5. Insourcing Reaches Into Last Mile Logistics
Outsourcing seems to be the topic of the year, especially among companies providing third-party logistics (3PL) services. However, the sudden spike in last mile delivery encourages more shippers to begin insourcing last mile deliveries. In other words, shippers are using their trucks to reach their immediate, local consumers. Yet, 90 percent of shippers have fewer than six trucks, so outsourcing may be necessary for increasing shippers’ last mile delivery options.
6. Autonomous Vehicles and Trucks (AVs and AT), Drones and Robotic Delivery Grow More Important
AVs and ATs, otherwise known as self-driving vehicles or trucks, will impact last mile logistics as well. Self-driving vehicles, drones, and robots will become key to increasing last mile delivery options, while maintaining high reliability and same-day delivery, in both rural and urban areas. However, existing regulations around the trucking industry are not likely to enable wide-scale implementation of driverless delivery options within the next two years.
7. Drivers Become Merchants
Shippers need to find ways to reach more shoppers and convert them into consumers. While up to 65 percent of all purchases use the internet for research purposes before making a purchase, putting information and product in front of consumers remains the strongest way to encourage this conversion. In conjunction with faster, better technology, including driverless trucks, the role of the driver will evolve. Drivers will become merchants, selling items from trucks, but there are several challenges shippers face in accessing this new resource, reports Susie Walker of Veriship. These include the following:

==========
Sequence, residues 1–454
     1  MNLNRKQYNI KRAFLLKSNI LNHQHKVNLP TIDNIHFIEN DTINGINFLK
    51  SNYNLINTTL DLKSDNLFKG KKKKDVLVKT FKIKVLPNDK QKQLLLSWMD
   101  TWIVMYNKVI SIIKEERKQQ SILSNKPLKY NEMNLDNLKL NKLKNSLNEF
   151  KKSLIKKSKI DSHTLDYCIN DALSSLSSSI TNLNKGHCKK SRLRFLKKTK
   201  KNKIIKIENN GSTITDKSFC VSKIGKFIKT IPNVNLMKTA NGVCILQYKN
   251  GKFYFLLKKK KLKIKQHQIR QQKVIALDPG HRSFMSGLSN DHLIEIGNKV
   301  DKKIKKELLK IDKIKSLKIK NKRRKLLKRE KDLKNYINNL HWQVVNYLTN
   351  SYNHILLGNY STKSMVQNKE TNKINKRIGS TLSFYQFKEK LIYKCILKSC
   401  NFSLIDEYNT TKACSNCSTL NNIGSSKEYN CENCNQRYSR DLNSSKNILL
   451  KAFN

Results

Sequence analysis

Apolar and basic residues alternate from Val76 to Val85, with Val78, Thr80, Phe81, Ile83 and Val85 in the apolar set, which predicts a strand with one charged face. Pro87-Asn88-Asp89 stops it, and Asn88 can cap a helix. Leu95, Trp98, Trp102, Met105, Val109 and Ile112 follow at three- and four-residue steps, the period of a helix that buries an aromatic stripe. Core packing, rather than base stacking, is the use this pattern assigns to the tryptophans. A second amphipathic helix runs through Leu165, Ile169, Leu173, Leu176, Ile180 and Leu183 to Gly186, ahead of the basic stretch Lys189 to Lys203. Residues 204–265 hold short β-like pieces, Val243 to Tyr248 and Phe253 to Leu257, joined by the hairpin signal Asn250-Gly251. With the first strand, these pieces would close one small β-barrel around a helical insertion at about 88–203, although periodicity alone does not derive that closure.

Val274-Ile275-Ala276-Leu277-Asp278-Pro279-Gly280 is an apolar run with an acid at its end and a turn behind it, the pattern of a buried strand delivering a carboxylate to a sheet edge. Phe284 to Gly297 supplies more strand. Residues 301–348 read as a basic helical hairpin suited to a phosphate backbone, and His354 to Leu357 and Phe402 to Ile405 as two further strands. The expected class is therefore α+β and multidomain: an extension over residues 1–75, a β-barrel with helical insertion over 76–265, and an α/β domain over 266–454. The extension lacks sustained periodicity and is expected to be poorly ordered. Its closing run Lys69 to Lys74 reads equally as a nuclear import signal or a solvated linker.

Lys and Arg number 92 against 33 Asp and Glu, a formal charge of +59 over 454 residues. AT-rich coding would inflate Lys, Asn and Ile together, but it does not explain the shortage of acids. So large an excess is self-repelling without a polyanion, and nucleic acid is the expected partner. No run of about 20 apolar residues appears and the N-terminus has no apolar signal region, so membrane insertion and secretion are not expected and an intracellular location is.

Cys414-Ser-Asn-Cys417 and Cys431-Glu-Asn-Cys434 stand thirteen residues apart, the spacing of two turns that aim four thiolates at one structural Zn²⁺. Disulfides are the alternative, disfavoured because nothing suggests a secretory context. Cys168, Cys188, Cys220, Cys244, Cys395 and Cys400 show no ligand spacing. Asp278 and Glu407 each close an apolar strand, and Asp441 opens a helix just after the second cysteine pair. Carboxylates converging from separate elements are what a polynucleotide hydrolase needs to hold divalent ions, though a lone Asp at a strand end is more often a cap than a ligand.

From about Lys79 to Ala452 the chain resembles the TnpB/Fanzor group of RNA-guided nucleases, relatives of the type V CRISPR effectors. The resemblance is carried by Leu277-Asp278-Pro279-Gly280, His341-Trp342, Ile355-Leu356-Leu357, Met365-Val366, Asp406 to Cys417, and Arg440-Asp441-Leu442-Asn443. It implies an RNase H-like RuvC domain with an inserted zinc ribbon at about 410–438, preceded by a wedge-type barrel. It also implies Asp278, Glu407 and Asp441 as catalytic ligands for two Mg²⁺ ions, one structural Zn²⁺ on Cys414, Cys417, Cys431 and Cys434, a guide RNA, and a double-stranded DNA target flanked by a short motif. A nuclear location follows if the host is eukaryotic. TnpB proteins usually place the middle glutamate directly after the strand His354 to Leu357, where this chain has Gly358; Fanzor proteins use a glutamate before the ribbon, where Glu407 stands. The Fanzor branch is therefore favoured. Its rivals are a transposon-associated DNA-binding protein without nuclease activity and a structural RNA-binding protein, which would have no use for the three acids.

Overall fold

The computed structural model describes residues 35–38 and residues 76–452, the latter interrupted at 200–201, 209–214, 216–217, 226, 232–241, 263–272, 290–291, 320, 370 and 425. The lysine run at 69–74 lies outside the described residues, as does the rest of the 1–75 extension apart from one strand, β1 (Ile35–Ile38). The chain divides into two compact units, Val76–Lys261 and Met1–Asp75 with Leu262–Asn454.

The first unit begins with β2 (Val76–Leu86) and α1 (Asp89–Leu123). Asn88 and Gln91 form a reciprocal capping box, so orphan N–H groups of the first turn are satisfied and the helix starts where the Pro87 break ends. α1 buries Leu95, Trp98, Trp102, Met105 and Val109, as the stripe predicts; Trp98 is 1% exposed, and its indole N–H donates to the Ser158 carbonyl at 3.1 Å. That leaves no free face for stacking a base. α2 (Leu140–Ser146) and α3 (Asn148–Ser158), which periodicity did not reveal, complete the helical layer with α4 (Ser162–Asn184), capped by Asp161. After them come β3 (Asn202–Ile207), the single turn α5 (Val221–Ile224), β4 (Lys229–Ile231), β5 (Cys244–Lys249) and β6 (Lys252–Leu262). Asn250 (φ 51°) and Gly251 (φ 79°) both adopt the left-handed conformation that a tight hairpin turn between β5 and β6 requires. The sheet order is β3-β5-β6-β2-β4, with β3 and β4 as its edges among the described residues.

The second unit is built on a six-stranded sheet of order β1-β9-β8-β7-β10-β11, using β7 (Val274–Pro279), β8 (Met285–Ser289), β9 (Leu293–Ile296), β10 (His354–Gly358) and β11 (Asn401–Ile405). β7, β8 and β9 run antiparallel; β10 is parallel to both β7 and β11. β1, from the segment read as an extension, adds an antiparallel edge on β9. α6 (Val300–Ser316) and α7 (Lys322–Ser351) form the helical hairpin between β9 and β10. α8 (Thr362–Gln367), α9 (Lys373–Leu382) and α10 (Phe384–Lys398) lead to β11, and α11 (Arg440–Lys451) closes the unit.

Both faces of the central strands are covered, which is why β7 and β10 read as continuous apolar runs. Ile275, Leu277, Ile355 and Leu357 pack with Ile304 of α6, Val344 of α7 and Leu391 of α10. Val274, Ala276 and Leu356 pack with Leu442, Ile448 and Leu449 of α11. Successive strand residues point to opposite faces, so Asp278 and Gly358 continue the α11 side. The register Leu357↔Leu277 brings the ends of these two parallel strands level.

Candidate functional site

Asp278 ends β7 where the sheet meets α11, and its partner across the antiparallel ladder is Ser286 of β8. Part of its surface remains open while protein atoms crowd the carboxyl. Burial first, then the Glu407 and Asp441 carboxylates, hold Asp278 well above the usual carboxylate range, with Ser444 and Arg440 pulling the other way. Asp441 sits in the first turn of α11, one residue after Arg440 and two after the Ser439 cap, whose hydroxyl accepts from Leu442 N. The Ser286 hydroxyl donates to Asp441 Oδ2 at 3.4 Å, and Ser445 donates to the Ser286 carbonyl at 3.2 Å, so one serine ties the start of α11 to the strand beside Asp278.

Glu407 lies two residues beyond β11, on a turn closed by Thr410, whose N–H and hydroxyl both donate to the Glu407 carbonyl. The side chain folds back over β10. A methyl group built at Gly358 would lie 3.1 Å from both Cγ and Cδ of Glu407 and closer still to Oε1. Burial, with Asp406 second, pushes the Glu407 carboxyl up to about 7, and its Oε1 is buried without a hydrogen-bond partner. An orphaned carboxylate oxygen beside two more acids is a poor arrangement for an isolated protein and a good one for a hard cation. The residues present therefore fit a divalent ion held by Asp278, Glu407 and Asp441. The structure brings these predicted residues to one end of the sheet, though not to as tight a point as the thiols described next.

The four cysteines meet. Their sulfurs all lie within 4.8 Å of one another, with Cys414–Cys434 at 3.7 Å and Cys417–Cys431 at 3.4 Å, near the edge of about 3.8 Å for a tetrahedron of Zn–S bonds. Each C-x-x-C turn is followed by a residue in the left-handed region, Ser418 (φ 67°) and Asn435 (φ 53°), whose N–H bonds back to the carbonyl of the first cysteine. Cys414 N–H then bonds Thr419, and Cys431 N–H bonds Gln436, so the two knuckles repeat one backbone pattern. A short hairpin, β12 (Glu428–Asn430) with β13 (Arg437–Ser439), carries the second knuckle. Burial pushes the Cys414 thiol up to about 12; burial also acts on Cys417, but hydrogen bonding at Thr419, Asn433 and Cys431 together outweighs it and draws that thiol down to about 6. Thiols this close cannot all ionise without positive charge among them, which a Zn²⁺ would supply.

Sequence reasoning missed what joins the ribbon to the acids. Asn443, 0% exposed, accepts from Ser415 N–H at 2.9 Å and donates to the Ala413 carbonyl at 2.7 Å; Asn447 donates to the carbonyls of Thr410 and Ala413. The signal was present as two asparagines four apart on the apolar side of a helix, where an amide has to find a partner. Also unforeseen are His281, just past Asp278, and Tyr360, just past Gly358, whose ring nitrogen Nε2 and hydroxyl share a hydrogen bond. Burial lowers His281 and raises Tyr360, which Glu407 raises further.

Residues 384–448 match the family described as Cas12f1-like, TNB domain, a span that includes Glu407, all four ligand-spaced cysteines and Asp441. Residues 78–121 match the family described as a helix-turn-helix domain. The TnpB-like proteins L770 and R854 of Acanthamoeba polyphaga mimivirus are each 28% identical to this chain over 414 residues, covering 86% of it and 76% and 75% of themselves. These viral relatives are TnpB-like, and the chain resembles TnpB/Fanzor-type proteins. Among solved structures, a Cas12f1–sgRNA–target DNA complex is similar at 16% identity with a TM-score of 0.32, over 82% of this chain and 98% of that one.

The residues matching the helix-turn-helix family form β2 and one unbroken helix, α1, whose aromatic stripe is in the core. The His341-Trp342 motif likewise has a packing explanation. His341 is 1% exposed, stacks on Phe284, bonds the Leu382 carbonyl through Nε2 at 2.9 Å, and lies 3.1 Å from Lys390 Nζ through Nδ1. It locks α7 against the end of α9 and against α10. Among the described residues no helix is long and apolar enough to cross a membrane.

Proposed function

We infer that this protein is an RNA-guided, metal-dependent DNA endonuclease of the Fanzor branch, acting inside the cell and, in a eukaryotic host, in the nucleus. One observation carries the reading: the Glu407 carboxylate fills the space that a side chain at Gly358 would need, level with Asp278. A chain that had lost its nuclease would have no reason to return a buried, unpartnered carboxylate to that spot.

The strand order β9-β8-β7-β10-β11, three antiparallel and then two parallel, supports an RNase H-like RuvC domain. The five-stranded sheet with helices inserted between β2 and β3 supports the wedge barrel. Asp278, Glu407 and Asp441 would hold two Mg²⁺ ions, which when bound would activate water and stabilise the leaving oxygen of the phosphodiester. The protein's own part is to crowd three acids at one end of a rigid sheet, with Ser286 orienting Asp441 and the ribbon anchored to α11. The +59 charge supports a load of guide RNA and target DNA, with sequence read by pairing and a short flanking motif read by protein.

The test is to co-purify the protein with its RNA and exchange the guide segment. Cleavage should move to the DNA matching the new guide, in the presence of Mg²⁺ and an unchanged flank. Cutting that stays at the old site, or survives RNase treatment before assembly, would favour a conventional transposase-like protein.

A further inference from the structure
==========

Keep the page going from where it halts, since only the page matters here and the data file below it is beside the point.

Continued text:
- Who assumes the burden of risk for merchandise that has not been paid for?
- What happens if consumers wish to return merchandise purchased from drivers?
- How will drivers process payments and handle their accounting?
- Will there be a charge per transaction to the original shipper?
- In interstate or international shipping regulations, who will be listed as the official owner of merchandise being sold by drivers?
The Last Mile Logistics Revolution Is Coming: Will You Be Prepared?
Exciting things are happening in last mile logistics, and the level of technology leveraged to push the frontiers of last mile delivery and same-day delivery is growing in complexity and scope. Shippers must take note of the trend in last mile logistics today, or they face losing their competitive advantage, especially with e-commerce giants, like Amazon, Walmart, and Target, moving toward instant delivery as part of last mile logistics. How will your organization prepare to handle the growing complexity of the rising demand for more last mile logistics deliveries by consumers?